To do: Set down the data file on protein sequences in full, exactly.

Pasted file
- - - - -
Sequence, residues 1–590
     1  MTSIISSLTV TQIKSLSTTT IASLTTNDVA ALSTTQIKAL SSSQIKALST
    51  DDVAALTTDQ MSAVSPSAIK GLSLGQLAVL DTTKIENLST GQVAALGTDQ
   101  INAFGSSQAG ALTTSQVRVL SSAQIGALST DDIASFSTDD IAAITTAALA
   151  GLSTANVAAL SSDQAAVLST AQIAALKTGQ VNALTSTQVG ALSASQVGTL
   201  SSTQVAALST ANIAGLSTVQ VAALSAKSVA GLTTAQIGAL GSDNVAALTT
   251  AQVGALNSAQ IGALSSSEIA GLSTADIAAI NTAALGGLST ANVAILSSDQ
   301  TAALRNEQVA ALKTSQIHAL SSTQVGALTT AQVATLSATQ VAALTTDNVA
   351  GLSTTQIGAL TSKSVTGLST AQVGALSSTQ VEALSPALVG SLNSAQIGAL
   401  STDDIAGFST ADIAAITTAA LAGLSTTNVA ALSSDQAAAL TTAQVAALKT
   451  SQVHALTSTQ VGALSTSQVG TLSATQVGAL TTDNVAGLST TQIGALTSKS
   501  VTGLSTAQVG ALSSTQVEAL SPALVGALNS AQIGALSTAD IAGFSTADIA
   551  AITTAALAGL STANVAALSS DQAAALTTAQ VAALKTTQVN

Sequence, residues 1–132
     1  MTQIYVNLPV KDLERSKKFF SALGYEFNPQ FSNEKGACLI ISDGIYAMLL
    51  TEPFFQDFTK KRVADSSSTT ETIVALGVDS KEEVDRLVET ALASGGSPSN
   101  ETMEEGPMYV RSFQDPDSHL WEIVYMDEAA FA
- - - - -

Sequence, residues 1–590
     1  MTSIISSLTV TQIKSLSTTT IASLTTNDVA ALSTTQIKAL SSSQIKALST
    51  DDVAALTTDQ MSAVSPSAIK GLSLGQLAVL DTTKIENLST GQVAALGTDQ
   101  INAFGSSQAG ALTTSQVRVL SSAQIGALST DDIASFSTDD IAAITTAALA
   151  GLSTANVAAL SSDQAAVLST AQIAALKTGQ VNALTSTQVG ALSASQVGTL
   201  SSTQVAALST ANIAGLSTVQ VAALSAKSVA GLTTAQIGAL GSDNVAALTT
   251  AQVGALNSAQ IGALSSSEIA GLSTADIAAI NTAALGGLST ANVAILSSDQ
   301  TAALRNEQVA ALKTSQIHAL SSTQVGALTT AQVATLSATQ VAALTTDNVA
   351  GLSTTQIGAL TSKSVTGLST AQVGALSSTQ VEALSPALVG SLNSAQIGAL
   401  STDDIAGFST ADIAAITTAA LAGLSTTNVA ALSSDQAAAL TTAQVAALKT
   451  SQVHALTSTQ VGALSTSQVG TLSATQVGAL TTDNVAGLST TQIGALTSKS
   501  VTGLSTAQVG ALSSTQVEAL SPALVGALNS AQIGALSTAD IAGFSTADIA
   551  AITTAALAGL STANVAALSS DQAAALTTAQ VAALKTTQVN

Sequence, residues 1–132
     1  MTQIYVNLPV KDLERSKKFF SALGYEFNPQ FSNEKGACLI ISDGIYAMLL
    51  TEPFFQDFTK KRVADSSSTT ETIVALGVDS KEEVDRLVET ALASGGSPSN
   101  ETMEEGPMYV RSFQDPDSHL WEIVYMDEAA FA